Lessons learned from inter-county woes

This year’s Ladies All-Ireland Senior football final was one of the most exciting in living memory. For six of DCU’s ladies footballers who featured in the Dublin squad, however, it was an afternoon to forget. Dublin and DCU footballer, Siobhan Woods, has tried to take some positives from their narrow defeat to Cork.

“We only have a couple of weeks off, so it’s nice to get back into it and not to be dwelling on the loss we had a few weeks ago. Moments like that obviously make you more driven to go on and win the next challenge put in front of you and for us, that’s college.

“Not even from the loss with Dublin, but with the loss last year in the O’Connor Cup semi-final, that’s motivation for us as well. We’re hoping to build on the success of last year.”

A promising championship campaign nonetheless, it seems that the only way forward is to continue the high standard of football that has been rife at both college and inter-county level.

“Having had that amount of games and having U-21 Championship as well and winning that, it was a really successful year if you take a step back and look at it. All the game time and big match occasions will definitely stand to us and the players playing for DCU this year.”

The growing standard of college GAA up and down the country has been well documented and many inter-county players feel there is little or no difference when you take into account intensity of the games or indeed the level of skill involved.

“Nearly all the girls who play for the DCU first team, play for their counties. So really it’s the exact same.

“The only real difference is the players coming from so many different county set ups. It really is exceptional when you consider it’s the same level of intensity in training for both counties and colleges set-ups.”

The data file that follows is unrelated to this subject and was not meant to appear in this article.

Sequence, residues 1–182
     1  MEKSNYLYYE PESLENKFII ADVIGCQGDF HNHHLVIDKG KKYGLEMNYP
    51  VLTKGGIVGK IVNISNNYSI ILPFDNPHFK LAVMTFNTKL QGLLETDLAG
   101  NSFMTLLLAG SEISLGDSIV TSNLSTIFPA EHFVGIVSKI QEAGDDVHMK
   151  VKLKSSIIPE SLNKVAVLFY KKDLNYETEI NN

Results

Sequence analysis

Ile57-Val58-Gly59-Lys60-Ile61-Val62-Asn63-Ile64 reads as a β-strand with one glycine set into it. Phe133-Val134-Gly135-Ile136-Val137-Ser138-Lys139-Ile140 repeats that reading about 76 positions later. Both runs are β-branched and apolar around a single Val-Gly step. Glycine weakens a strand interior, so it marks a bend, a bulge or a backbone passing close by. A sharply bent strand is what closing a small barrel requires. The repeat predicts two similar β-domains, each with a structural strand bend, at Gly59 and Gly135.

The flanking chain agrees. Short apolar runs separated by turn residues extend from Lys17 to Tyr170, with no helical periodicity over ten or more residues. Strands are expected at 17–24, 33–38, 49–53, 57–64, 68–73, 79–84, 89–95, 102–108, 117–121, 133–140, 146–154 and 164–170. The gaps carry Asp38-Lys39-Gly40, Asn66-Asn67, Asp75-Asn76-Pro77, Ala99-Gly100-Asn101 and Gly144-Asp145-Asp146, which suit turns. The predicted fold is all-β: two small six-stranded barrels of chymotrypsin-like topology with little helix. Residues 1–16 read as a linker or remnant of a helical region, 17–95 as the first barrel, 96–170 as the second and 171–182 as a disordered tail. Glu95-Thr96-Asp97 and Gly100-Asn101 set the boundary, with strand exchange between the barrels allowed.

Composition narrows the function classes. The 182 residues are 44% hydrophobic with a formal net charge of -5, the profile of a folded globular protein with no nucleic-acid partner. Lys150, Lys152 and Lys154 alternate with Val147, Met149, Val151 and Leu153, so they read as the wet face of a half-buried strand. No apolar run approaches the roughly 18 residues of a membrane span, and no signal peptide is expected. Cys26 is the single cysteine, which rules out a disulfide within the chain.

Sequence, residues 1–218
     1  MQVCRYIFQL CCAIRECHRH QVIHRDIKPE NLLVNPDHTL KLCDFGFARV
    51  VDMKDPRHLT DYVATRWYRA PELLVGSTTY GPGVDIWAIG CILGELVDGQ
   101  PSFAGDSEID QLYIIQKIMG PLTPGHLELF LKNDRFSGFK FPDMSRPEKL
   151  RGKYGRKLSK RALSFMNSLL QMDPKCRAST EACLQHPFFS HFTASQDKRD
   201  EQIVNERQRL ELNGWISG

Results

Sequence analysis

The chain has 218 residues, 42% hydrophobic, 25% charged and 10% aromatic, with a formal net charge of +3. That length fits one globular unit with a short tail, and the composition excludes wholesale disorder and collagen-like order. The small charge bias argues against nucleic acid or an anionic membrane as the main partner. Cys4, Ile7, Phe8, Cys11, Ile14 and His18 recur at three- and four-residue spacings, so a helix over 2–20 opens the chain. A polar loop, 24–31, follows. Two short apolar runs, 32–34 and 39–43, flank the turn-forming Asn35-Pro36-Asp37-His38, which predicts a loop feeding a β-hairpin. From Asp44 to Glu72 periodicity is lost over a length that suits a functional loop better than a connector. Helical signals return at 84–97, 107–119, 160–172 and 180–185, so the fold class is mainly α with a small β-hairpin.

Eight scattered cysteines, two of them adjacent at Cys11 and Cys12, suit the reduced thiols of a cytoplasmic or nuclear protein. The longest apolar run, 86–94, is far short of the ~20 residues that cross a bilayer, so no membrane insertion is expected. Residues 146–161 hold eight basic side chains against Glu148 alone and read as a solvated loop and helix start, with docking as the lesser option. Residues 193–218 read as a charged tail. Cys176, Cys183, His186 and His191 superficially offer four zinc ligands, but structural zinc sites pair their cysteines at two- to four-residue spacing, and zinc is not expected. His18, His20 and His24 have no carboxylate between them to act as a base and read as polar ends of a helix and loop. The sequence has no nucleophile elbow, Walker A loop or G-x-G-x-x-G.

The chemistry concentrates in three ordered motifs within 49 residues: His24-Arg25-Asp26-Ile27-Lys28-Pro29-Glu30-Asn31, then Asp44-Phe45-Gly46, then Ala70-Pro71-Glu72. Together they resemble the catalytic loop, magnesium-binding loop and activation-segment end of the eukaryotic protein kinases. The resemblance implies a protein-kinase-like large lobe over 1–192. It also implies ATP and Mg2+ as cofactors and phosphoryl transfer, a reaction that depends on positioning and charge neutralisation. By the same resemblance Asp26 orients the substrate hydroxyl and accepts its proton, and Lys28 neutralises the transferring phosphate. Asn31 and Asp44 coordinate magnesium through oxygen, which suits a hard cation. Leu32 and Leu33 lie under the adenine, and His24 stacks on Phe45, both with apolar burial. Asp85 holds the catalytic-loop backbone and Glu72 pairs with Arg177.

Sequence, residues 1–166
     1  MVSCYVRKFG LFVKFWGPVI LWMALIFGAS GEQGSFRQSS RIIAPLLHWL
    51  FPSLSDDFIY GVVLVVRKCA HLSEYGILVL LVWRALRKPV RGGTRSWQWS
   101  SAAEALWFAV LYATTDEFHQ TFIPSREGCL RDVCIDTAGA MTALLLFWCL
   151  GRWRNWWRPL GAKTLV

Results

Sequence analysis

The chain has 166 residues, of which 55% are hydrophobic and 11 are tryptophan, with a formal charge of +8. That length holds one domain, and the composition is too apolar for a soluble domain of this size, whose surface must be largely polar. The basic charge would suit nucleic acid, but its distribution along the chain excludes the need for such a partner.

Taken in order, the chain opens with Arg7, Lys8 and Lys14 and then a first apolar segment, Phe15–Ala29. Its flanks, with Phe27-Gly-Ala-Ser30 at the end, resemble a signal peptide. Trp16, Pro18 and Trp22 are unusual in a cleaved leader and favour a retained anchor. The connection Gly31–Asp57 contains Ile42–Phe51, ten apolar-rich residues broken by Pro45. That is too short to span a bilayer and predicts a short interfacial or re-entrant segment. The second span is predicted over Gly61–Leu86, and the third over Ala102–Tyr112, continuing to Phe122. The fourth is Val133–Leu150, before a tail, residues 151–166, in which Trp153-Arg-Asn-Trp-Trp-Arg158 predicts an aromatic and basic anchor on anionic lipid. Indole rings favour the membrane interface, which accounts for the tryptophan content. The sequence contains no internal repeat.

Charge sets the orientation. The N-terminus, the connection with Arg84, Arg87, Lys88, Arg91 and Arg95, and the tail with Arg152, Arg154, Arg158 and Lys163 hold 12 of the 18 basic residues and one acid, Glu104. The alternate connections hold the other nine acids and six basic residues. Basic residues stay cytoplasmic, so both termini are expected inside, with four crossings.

For Woods, however, there isn’t a lot of external pressure to perform because of the quality of inter-county players, but they do expect a certain standard from one another.

“We [the Dublin footballers] never feel any different to anyone else on the team. We know the girls from Monaghan who lost in the [All Ireland] final last year came back into the team as normal.

“There’s no extra pressure put on you. Obviously you put individual pressure on yourself to perform well for the team but it definitely wouldn’t be coming from anybody else.”

Certainly there hasn’t been an awful lot of pressure from the media, which is partly due to a lack of coverage in women’s sports, according to Woods.

“Honestly it is disappointing on a national or even international scale the level of coverage that women’s sport receives. They [female athletes] put in just as much effort as men, I suppose the only real difference is the lack of recognition for it.

“We’re not playing to get famous or anything like that, but I mean for younger girls growing up, there should be more games televised and certainly more coverage accessible.

“One game a year in Croke Park isn’t really good enough at all.”

Hoping to surpass last year’s semi-final exit in the O’Connor Cup, the DCU ladies team already look more experienced and focused. There’s certainly no lack of drive.

Cian Roche

Image Credit: Sportsfile

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